Tottenham's victory over Chelsea last week served as a timely and welcome reminder that this Premier League title race is not quite the foregone conclusion some have come to expect.
Antonio Conte's side, to their huge credit, have looked irresistible over the last couple of months. And it's certainly right to say that this title is the Blues' to lose from their current position - especially considering they've no European football to distract them and a regular, settled first team to tackle the league. They're expected to spend in January too, which would strengthen their case even further.
But you only need to look back to the opening weeks of the season to see how quickly everything can change. Manchester City's six-game winning streak at the beginning of the campaign - also ended by a 2-0 defeat at Tottenham, incidentally - had many convinced that the all-conquering Pep Guardiola was set run away with a domestic title in a third country.
City though have failed to win that many times since, dating back to that defeat at White Hart Lane. Chelsea are made of sterner stuff, there's no doubt about that, but it does symbolise that there's a tendency in this country to jump to conclusions.
Guardiola has a multitude of problems he's yet to address in his playing squad - the porous defence and dead weight are but two of those - though you can't quite rule out City if they are to get things right. They sit seven back on Chelsea at the moment, and have the attacking quality to destroy most in their path.
They also have who many consider as the best manager in the world on the sideline, so make of that what you will.
What of the rest of the chasing pack, though? Spurs gave themselves a massive morale boost by ending Chelsea's near record-breaking win streak of 13 consecutive league games, and have exercised the demons of last season as the Blues ended their own title hopes.
After failing to convince in the opening months of the campaign, Mauricio Pochettino's side have started to score for fun, boast the best defence in the league and have the ability to switch systems successfully on a whim. They nullified Chelsea's revolutionary 3-4-3 with a similar system of their own, making them adaptable to almost any situation.
Spurs went close last season, and will have reason to believe, especially after their last win, that a title tilt in the second half of the season is not beyond them. Local rivals Arsenal will feel they're still in the mix too - at least Mesut Ozil does - as the Gunners have shown a fighting spirit and backbone this term that has been lacking over the last few years.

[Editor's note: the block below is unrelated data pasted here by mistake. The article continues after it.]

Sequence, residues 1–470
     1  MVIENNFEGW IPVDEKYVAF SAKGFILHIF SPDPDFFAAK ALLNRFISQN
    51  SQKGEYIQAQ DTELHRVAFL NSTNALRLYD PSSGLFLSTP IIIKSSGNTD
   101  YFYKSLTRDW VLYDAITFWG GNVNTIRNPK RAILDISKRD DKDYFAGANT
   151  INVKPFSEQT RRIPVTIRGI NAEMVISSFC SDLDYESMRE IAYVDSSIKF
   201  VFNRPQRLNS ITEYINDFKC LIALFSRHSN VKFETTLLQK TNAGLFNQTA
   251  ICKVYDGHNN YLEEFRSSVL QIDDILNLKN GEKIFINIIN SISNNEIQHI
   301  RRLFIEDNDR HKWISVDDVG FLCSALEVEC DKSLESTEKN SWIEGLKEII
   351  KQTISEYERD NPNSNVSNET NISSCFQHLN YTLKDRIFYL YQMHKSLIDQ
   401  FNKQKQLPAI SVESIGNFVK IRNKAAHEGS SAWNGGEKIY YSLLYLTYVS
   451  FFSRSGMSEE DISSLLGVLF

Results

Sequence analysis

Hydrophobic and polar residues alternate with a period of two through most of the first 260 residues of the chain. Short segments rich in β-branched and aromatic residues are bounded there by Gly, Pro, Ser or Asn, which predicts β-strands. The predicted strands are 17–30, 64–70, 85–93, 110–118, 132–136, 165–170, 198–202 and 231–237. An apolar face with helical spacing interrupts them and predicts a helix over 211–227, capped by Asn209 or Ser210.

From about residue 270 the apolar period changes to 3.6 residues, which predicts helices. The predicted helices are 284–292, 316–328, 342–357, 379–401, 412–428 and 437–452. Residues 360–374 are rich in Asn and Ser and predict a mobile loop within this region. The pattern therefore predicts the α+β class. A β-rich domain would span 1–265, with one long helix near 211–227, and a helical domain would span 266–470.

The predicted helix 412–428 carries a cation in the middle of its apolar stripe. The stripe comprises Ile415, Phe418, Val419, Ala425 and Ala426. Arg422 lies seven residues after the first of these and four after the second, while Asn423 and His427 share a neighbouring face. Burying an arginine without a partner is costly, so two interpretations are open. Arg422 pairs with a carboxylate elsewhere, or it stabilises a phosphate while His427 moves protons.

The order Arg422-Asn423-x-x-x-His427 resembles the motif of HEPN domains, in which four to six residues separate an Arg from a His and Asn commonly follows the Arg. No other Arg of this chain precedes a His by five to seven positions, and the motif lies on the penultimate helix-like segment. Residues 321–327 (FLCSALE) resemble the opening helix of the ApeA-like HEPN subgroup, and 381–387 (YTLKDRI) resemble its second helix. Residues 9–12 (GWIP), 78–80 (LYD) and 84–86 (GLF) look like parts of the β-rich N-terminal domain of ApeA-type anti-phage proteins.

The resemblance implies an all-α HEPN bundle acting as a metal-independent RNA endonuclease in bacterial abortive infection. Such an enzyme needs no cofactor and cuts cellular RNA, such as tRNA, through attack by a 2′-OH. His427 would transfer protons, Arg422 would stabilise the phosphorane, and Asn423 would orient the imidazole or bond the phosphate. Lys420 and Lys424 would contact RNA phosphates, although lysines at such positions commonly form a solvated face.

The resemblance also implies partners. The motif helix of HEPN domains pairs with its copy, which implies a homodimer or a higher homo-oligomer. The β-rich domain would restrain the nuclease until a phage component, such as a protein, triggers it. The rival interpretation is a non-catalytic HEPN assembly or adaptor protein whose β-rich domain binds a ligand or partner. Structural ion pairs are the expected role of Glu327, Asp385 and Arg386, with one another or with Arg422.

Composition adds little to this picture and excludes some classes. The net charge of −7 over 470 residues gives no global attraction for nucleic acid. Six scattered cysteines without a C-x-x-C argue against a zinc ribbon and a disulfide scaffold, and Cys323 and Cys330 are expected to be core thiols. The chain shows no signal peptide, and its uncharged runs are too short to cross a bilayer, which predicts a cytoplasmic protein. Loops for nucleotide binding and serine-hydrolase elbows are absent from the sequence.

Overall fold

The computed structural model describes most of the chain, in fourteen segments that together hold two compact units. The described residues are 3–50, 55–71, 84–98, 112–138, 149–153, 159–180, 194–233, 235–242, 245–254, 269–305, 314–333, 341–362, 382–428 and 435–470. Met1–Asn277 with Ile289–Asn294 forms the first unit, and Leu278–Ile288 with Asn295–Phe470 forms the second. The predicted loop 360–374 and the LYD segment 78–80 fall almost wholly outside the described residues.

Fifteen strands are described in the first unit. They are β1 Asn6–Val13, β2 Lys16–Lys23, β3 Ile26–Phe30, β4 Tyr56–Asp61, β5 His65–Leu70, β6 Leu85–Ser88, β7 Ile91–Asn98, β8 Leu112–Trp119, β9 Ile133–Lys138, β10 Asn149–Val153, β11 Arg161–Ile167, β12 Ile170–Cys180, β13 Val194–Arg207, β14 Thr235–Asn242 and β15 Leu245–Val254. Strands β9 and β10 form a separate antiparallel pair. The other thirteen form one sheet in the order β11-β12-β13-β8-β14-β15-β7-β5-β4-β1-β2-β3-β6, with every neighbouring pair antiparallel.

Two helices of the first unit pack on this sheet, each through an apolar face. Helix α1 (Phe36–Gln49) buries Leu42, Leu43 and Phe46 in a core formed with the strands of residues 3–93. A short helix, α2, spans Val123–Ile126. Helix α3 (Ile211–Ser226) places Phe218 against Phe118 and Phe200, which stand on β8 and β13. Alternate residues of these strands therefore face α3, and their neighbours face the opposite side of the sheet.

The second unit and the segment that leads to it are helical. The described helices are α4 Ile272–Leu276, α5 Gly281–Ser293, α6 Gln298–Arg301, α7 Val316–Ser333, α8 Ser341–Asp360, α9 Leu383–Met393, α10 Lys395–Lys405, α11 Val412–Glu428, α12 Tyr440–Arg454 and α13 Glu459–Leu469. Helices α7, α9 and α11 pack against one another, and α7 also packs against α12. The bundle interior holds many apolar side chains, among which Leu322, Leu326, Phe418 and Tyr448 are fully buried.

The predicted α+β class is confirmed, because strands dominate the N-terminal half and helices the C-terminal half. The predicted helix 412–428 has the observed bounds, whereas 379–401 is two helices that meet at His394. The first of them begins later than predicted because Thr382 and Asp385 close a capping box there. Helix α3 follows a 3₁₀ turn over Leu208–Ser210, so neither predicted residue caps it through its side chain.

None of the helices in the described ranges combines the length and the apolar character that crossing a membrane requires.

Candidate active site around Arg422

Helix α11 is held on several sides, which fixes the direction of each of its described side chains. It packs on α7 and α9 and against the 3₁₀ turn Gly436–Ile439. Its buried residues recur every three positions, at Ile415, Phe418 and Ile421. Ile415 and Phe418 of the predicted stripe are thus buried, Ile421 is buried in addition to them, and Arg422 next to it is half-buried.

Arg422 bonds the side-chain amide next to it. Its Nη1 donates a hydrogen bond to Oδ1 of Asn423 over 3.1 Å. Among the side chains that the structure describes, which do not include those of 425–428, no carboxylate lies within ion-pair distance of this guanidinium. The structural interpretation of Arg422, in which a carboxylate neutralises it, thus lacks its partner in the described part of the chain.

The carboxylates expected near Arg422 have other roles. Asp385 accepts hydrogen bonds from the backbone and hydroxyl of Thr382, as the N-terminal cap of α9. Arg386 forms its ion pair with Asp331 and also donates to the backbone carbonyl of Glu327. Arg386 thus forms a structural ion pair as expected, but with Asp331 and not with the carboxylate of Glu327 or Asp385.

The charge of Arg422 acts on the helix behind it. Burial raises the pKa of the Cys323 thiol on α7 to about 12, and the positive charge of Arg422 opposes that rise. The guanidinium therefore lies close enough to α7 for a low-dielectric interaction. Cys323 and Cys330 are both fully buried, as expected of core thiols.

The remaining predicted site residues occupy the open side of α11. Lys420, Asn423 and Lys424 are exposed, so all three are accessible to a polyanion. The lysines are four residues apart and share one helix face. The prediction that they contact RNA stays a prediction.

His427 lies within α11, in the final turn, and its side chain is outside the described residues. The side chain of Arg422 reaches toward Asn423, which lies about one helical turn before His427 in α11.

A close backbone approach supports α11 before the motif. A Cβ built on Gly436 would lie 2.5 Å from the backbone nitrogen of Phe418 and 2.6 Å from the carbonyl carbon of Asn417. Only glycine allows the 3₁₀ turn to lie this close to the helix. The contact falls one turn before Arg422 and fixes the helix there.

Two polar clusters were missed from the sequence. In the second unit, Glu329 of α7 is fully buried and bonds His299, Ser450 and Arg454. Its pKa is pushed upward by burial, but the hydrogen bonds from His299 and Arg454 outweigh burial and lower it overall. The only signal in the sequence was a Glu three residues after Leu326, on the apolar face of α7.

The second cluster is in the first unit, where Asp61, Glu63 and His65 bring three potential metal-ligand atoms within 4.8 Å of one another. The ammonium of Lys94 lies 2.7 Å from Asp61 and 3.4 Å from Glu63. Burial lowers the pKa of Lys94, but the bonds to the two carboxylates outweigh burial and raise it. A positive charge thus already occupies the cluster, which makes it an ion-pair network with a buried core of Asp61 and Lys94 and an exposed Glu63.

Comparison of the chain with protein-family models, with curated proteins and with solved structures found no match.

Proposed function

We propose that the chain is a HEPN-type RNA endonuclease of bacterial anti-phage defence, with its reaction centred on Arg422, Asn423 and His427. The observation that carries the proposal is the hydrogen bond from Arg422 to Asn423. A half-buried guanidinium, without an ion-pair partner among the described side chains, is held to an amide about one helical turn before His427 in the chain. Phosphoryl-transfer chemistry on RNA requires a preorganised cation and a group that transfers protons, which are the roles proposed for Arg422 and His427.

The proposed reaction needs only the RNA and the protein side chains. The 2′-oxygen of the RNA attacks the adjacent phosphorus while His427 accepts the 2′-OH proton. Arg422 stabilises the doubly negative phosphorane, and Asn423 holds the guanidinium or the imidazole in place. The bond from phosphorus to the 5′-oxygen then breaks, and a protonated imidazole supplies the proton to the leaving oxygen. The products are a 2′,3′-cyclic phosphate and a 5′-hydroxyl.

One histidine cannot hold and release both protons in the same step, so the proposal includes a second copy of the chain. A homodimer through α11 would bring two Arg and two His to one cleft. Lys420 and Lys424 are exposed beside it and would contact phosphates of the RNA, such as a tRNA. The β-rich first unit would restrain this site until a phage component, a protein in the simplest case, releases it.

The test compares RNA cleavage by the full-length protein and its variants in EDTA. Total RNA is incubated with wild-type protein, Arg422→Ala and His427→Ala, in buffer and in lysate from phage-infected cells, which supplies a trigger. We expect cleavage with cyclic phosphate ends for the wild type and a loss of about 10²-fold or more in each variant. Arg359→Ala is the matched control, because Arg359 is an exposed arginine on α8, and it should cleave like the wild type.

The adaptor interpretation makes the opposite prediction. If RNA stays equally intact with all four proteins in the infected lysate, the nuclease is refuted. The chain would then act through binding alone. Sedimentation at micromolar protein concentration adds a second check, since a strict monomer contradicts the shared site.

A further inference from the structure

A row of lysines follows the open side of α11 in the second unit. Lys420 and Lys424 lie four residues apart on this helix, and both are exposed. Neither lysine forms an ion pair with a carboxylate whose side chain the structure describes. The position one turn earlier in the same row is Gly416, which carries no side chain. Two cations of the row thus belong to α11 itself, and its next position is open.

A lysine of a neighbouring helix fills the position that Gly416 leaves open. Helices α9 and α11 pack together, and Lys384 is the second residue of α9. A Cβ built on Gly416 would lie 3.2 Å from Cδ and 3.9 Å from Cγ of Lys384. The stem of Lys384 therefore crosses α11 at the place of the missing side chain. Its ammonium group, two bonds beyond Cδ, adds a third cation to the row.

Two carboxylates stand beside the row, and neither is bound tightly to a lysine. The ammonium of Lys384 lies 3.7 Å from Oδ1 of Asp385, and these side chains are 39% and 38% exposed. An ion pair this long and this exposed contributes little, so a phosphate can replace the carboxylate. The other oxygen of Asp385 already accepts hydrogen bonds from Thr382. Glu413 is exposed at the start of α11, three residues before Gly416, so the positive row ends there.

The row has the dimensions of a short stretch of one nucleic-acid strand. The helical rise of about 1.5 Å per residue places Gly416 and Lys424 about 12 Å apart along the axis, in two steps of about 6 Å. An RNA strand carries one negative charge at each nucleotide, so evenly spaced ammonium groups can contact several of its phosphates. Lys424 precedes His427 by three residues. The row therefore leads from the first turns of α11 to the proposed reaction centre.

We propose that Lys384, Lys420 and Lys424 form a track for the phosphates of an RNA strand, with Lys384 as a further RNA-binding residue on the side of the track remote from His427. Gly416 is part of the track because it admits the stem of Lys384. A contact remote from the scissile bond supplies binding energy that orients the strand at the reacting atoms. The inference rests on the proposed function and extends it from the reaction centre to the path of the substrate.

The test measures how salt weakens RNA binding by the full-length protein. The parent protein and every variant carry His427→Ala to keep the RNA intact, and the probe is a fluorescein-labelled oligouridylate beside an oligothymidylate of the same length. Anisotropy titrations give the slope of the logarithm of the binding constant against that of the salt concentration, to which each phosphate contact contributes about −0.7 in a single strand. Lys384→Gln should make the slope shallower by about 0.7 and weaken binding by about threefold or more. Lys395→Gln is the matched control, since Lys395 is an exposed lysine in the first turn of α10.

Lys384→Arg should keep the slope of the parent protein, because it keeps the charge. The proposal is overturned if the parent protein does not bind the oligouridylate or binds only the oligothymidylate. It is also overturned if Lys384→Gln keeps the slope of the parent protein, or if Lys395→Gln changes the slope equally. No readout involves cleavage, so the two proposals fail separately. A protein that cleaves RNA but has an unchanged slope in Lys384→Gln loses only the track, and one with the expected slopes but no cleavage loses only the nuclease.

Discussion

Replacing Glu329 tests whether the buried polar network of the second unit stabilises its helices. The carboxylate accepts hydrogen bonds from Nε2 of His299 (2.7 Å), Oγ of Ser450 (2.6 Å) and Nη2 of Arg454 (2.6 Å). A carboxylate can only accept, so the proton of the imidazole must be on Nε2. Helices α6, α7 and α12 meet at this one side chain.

Arsene Wenger's side, though, still find themselves falling into the 'Arsenal habits' of old. Finding themselves 3-0 down at Bournemouth last time out was quite the feat, and while they forged an amazing comeback in the final 20 minutes to earn a point from the jaws of defeat, there's also suggestions that the same old Arsenal still exist.
As for Manchester United and Liverpool - who meet each other this weekend in a blockbuster clash at Old Trafford - each will feel Chelsea's defeat at Spurs means they still have a chance of lifting the trophy. Liverpool are still chasing their maiden Premier League crown, and are currently best placed to challenge.
Like Chelsea, they've no European football to worry about, boast an incredibly fruitful attacking unit - they are the best attack in the league after all, statistics don't lie - and they probably play the best football, too. They will, however, seriously need to prove their credentials once more in their next game against a United side who have won their last 9 games, and are unbeaten in 15.
A stacked January fixture list and the loss of Sadio Mane to Africa Cup of Nations duty may take its toll on the Merseysiders, but they should be fired up enough to realise that victory at Old Trafford actually will knock their arch rivals out of the title race once and for all.
United, who have finally found their feet under Jose Mourinho, will though have every reason to believe they can go close with a win of their own. Three points on Sunday will ensure they cut the gap on the currently second-placed Reds to just two points, and if Liverpool are considered title challengers at this point then United will have to be too.
It really is a lot tighter than many believe, and it's only going to get more intense over the coming weeks. Two of the top six will now be facing each other in every match round until the middle of March, so make no mistake about it; this league is literally anybody's to go out there and snatch.